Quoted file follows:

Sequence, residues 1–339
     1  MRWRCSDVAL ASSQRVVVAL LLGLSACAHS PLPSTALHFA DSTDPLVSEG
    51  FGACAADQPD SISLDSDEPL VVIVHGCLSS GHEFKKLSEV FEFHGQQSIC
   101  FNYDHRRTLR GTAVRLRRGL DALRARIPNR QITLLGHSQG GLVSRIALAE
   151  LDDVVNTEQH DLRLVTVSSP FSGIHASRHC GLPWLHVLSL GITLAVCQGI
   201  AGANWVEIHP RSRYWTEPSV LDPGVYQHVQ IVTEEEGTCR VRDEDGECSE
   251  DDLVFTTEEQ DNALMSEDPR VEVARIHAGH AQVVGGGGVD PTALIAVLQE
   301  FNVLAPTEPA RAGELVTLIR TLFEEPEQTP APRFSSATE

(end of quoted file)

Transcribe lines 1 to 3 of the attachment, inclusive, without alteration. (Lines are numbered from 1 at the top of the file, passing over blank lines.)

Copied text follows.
Sequence, residues 1–339
     1  MRWRCSDVAL ASSQRVVVAL LLGLSACAHS PLPSTALHFA DSTDPLVSEG
    51  FGACAADQPD SISLDSDEPL VVIVHGCLSS GHEFKKLSEV FEFHGQQSIC